All table row/column headers should also be in sentence style. There should not be further footnote-style annotations in tables; these should all be placed in the caption.

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How should code be formatted in the manuscript?

Code should preferably be presented in the usual text flow.  It should have enough spaces to facilitate reading.  Please include spaces before and after operators and after commas (unless spaces have syntactical meaning).  An example would be to use

y = a + b * x
and not
y=a+b*x
The spacing should be used both for code that appears inline in the text and for code in verbatim code chunks.

The code presented in the manuscript should not contain comments within the verbatim code.  Instead the comments should be made in the normal LaTeX text.

\code{...} can be used for code chunks that should appear inline.  Various options are available for verbatim code chunks:

In all cases, code input/output must fit within the normal textwidth of the manuscript.  Thus, code input should have appropriate line breaks and code output should preferably be generated with a suitable width (or otherwise edited).

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What is a good pen-to-paper ratio for my graphics?

JSS papers should be created in such a way that they are not only easy to read when printed on paper but also easy to read on screen.  Hence, graphics should have a pen-to-paper ratio that makes them easy to read in both media.  In particular, this means that annotations should not be too large or too small.  As a rough guidance, graphics annotation should be a about the size of the figure caption or a little bit smaller.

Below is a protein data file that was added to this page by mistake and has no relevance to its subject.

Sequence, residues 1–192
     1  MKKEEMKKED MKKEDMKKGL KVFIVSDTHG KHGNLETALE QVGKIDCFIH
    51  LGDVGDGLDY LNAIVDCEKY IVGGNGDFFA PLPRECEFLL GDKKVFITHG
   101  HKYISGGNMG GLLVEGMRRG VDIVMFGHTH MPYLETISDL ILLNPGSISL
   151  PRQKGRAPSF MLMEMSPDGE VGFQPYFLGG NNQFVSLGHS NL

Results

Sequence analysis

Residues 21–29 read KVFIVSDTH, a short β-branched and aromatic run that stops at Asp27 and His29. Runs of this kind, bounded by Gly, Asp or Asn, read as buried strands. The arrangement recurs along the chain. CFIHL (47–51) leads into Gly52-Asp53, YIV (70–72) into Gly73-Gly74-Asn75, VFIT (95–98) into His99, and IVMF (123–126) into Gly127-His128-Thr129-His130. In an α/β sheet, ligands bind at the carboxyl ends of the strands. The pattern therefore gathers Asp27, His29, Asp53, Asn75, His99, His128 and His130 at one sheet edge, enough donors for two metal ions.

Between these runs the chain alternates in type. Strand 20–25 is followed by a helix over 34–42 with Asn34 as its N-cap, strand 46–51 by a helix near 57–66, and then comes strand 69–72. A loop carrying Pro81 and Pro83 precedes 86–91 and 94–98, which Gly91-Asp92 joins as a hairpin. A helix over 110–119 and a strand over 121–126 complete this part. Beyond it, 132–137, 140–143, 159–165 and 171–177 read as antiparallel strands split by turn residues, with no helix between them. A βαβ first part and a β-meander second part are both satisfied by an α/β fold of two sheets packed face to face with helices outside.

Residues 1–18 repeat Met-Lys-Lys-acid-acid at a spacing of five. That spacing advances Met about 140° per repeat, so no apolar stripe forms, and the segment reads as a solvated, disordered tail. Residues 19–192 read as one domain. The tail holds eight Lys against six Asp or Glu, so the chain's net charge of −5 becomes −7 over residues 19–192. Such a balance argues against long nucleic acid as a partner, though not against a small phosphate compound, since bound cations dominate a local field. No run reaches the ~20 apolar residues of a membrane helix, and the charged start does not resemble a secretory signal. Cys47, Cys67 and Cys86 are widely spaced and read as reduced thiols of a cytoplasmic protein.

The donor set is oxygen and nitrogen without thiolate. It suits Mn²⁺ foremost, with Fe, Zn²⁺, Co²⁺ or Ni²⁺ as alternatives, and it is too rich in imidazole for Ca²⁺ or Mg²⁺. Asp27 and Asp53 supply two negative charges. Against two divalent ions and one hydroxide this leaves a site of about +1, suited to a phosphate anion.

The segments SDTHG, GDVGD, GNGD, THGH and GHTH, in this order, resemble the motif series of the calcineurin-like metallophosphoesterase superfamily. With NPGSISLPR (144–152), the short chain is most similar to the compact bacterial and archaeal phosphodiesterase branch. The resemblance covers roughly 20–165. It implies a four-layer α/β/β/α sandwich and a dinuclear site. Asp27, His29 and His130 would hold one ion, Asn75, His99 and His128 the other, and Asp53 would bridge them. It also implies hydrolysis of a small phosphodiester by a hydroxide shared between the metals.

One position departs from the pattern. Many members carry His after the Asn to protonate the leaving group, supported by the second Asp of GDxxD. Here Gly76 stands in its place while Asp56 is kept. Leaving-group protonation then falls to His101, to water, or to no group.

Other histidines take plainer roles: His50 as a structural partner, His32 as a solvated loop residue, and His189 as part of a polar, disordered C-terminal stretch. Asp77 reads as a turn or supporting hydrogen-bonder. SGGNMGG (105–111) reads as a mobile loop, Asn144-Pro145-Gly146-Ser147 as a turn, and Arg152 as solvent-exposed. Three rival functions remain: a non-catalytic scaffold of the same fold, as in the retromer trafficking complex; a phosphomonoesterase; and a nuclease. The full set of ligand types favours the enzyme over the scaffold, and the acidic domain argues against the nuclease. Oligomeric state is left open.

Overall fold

A simple way of emulating increased/decreased font size in vector graphics (such as .pdf) is to just plot on a smaller/larger plotting device.  When font size is kept fixed and the size of the figure as included in LaTeX is kept fixed, this will render the fonts relatively larger/smaller.  (Note that a larger device will lead to relatively smaller annotation.)

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Some of my graphics files are very large, what should I do?

This typically occurs when vector graphics (typically .pdf) are used for graphics with a very large amount of points or lines, e.g., in maps, heatmaps, or scatterplots with a very large amount of points.  If a vector graphic is too large (i.e., larger than a few hundred kilobytes and takes a moment to load in PDF viewers), a raster graphic version of it should also be provided (.jpg or .png).  It should be assured that all annotation in the raster graphic is still sufficiently easy to read (and not "pixelated").